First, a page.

Edward Corcoran: "A board which is fiscally responsible looks to control spending and will approach tax increases in a sustainable manner. Real taxpayer input is needed and the must be challenges to staff proposed increases in a healthy and collaborative manner. D86 needs a clear and sustainable tax policy. More serious self-critique on matters of tax increases, measurements and evaluation on spending, best practices for project management protocol on major capital expenditures, and methods of cost control can be improved. Healthy challenges to all parties receiving taxpayer money can only improve and balance the level of fairness to taxpayers given the large increases in salaries and spending over the last decade. When there are proposed capital expenditures, we need to assess the justification, true benefit to the student and how to measure the success once spending occurs. Every dollar spent towards consultants, construction managers, attorneys, insurance, and overhead is a dollar not being spent in the classroom. Taxpayers deserve more financial information and objective evaluation of projects."
Kay Gallo: "A school district which is fiscally responsible balances the needs of the student to the wants of the taxpayer. A school board must weigh options, both pro and con, to spending.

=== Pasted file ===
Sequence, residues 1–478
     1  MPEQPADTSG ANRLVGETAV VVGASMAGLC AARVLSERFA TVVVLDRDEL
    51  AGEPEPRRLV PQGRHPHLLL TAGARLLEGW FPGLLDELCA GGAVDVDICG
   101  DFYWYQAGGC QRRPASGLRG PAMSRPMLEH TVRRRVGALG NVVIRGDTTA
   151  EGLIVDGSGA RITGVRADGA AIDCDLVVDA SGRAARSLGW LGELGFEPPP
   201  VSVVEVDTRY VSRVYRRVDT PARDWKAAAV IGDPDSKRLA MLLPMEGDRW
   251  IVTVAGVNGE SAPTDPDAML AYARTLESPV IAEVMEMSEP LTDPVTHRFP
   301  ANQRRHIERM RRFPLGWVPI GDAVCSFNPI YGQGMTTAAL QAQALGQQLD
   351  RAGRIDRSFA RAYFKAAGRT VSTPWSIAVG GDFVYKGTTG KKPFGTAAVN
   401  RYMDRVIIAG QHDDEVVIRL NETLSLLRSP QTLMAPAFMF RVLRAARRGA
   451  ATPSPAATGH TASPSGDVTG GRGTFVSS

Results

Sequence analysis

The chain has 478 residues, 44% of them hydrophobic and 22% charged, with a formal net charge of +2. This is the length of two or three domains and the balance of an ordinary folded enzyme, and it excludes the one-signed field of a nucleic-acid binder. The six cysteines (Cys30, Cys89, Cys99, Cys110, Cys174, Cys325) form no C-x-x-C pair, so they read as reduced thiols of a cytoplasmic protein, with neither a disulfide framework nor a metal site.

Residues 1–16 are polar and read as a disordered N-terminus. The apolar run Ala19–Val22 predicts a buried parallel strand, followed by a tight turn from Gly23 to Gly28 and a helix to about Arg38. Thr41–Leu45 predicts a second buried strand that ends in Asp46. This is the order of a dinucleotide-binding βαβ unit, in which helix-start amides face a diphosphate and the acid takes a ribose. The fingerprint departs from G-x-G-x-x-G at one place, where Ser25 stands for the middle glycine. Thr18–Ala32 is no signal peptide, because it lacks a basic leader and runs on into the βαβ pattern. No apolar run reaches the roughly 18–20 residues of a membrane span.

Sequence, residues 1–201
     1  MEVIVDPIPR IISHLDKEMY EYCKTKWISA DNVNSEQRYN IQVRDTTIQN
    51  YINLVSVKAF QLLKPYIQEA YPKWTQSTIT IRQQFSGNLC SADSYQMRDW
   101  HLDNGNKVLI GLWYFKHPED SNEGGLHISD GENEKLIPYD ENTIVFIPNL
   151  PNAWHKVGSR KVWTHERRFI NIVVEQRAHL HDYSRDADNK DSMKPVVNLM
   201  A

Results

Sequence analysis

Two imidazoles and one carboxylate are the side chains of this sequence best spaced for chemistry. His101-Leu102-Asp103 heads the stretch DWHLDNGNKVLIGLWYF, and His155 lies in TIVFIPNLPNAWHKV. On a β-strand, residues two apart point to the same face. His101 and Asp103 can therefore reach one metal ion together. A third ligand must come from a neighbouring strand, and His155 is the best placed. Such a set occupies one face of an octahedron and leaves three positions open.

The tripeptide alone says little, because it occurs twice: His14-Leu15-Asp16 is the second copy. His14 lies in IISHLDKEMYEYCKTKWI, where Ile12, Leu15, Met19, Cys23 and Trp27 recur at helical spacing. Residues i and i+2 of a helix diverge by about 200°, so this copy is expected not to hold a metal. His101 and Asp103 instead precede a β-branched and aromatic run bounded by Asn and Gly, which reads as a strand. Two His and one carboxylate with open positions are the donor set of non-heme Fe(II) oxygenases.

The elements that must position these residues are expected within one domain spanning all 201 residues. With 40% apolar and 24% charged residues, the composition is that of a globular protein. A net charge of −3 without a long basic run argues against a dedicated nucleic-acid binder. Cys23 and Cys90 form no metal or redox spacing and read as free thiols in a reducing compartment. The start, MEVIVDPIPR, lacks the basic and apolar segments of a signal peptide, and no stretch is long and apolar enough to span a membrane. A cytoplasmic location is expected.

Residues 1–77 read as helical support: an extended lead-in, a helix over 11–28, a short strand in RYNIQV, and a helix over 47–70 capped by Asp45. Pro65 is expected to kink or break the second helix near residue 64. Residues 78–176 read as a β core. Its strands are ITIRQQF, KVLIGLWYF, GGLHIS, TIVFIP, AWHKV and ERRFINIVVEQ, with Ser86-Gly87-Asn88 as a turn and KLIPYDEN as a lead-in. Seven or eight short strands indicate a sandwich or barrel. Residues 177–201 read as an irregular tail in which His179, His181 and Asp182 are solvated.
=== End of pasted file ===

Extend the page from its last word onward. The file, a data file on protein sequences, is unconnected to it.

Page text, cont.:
"While serving on the board for District 86, we have continued to hold the line on most expenses. Yes, we are a fiscally responsible board because we have employed a fiscally responsible superintendent who has hired fiscally responsible administrators."
DeeDee Gorgol: "A fiscally responsible board must maintain a balanced budget while meeting the needs of the students and constituents. I do believe District 86’s current board is a fiscally responsible board. In my four years on the board, we have produced a balanced budget all four years. As stated in an earlier question, each year we successfully do cost containments to produce this balanced budget without having to cut staff or student programs while maintaining our buildings along with maintaining our high credit rating."